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UK to vaccinate teenage girls against cervical cancer – question you should ask about this proposal

June 21st, 2007

Dr Petra

Update 06/10/10
Please note this blog is not anti vaccines. It discusses issues about the HPV vaccine and sex education policy in the UK. If you see this quoted on an anti vaccine blog please be aware it’s being used out of context.

There’s plenty of coverage in the press today about a UK government panel’s recommendations for a vaccination to be given to teenage girls to protect them from the HPV (human papilloma virus) that can lead to cervical cancer.

Most of the reports and quotes from health professionals enthusiastically welcome the idea of a compulsory vaccination programme to be rolled out across the UK in the near future. The vaccine is to be given to young girls aged around 12/13 before they become sexually active. Worryingly many accounts have reported the vaccine as a ‘cure’ for cancer or something that will prevent HPV transmission, which isn’t accurate and may well mislead the public.

While I welcome any efforts to protect the sexual health of young people, it’s worrying that the government committee and the wider media appear to have overlooked the wider scientific debate about this vaccine, as well as the political issues it raises.

In a recent issue of the Journal of the American Medical Association clinicians outlined the wider debate about the vaccine, questions that should be asked about it, and raised wider issues about the possibility of a compulsory vaccination programme. The New England Journal of Medicine also ran editorials from medics questioning aspects of the proposed vaccination programme – you can read them here and here. Other bloggers have also documented many concerns about the drug – and also the way in which it has been marketed and promoted in the US (this is interesting reading, although skeptics may criticise the anti-vax tone to some of it).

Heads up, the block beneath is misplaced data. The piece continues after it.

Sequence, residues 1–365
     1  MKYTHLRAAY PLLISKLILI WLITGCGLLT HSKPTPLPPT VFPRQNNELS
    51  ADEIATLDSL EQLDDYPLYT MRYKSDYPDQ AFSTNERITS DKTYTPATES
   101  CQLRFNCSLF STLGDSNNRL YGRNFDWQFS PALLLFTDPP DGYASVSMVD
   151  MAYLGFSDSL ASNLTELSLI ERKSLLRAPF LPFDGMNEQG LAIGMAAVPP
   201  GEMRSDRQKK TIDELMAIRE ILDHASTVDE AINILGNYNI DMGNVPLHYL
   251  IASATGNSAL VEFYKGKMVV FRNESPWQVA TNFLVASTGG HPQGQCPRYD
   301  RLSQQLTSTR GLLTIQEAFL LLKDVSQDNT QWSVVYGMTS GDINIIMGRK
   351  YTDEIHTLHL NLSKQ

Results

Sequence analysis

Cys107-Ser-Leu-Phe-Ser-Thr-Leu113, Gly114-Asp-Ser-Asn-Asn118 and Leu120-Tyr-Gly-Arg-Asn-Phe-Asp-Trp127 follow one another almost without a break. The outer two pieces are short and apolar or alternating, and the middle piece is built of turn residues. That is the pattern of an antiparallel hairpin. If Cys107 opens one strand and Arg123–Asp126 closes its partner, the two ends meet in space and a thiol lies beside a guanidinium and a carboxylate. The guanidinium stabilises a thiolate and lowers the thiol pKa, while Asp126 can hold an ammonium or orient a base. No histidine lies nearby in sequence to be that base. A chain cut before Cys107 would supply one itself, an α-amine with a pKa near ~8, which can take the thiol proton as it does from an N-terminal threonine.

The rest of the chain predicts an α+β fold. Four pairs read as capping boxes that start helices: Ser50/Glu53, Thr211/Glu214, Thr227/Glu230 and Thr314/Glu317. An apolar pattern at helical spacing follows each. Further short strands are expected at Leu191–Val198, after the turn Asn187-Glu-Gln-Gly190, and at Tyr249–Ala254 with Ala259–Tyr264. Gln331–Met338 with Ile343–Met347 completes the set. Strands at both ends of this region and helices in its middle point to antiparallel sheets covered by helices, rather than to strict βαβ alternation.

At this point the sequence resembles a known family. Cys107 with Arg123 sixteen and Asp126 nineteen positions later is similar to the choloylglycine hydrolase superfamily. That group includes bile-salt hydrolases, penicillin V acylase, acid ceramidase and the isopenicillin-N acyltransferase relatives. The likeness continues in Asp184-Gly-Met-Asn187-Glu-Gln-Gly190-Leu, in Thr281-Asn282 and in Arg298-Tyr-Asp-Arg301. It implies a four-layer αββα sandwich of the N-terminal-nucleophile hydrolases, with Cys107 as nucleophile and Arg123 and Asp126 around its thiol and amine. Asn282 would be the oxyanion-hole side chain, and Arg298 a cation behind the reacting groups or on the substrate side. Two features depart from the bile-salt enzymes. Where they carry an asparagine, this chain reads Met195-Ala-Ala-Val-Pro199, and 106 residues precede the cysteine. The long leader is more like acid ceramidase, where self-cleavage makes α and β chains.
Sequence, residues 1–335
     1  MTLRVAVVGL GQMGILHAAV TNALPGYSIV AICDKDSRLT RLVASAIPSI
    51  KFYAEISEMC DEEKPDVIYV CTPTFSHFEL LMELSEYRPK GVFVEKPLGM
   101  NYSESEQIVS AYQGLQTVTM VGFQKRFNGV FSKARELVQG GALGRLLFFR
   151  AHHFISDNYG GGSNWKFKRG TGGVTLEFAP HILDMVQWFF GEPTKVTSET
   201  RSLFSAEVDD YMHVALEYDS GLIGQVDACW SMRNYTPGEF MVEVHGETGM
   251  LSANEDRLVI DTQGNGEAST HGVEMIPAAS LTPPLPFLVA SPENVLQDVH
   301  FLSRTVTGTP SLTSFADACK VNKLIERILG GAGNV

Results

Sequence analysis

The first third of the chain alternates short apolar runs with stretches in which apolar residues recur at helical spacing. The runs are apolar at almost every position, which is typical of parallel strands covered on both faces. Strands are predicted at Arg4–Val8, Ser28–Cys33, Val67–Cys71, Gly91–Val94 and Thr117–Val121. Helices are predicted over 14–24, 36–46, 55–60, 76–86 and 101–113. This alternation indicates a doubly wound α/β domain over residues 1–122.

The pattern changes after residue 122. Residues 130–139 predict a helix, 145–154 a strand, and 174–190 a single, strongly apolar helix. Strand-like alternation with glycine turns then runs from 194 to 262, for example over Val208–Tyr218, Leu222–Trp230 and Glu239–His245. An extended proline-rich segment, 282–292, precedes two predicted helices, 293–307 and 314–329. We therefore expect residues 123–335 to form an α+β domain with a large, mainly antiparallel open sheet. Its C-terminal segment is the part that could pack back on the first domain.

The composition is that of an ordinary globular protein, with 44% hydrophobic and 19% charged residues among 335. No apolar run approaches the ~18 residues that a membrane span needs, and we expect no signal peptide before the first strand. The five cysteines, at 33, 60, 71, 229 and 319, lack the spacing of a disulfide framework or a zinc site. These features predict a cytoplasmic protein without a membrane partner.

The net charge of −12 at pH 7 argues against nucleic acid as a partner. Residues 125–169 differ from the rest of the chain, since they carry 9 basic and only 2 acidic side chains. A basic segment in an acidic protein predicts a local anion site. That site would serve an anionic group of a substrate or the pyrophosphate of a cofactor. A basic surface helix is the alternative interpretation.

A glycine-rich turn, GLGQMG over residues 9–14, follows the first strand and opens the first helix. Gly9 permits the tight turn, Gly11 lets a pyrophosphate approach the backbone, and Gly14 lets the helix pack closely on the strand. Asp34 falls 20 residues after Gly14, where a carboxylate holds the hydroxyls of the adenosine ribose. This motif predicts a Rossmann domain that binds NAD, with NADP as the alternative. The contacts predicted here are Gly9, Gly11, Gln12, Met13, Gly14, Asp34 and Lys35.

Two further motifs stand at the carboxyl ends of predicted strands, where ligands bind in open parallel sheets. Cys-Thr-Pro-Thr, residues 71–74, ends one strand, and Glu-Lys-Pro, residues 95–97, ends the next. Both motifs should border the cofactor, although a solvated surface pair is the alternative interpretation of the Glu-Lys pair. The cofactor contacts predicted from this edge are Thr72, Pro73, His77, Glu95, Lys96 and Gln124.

Debates have raged within the US about the ethics of compulsory vaccination, the use of girls as the recipients of the vaccine, and whether the programme could be one big drug trial. Parents have raised worries about the effect of the health on their children as well as whether the availability of the vaccine could encourage sexual activity or put girls in an increasingly vulnerable position. Since many parents probably wouldn’t approve their child to be vaccinated there are wider worries that any vaccination programme would have to be enforced – and that would presumably apply to the UK as well.

We know that young people may not be all that willing to consent to the vaccine simply because already the threat of HIV, other STIs or even pregnancy doesn’t prevent many young people (and adults) having unprotected sex. A vaccine to protect against a disease you may never get when you’re a lot older may not seem relevant to many young girls.

Although cervical cancer is a terrible disease and many women are affected, there are suggestions that a vaccine alone isn’t going to help. Although it may prevent girls getting HPV and therefore risk developing cervical cancer (and save health services the cost of treating that cancer long term), there are suggestions that the availability of a vaccine could lead to young people having unprotected sex believing the vaccine is keeping them ‘safe’. I don’t particularly hold with that school of thought, but media suggestions that it might cause problems certainly aren’t going to help with sexual health promotion messages. And young people do get confused about sexual health topics. Currently many young people believe the contraceptive pill offers this protection (it doesn’t). Who knows what they may make of the HPV vaccine – particularly if it’s given in an atmosphere where sex education is inadequate.

What strikes me as shocking in all this is the suggestion of a compulsory vaccination programme where in the UK we do not have compulsory sex education. Surely before we consider a widespread vaccination programme we should also consider sorting out high standard sex education for all young people?

Currently our school sex education system is in a mess. Some schools cover it well, some do not. Teens complain even when it is delivered well it doesn’t tackle what they really want to know, and most need sex education that includes confidence building, negotiating skills and assertiveness. Not just a list of contraceptives and an instruction to ‘just say no’. We need to address peer pressure, gender inequalities and coercion. We also need to let young people know what sexual health services are available to them at youth friendly times – and for that we need services that are well staffed and open – which again is a problem due to our chronic underspending on sexual health.

We have to wonder why in the UK there’s enthusiasm for a highly expensive vaccine whose long term effects are unknown, but little effort made to fund sexual health services or make school sex education compulsory for all.

Update 06/10/10
Please note this blog is not anti vaccines. It discusses issues about the HPV vaccine and sex education policy in the UK. If you see this quoted on an anti vaccine blog please be aware it’s being used out of context.

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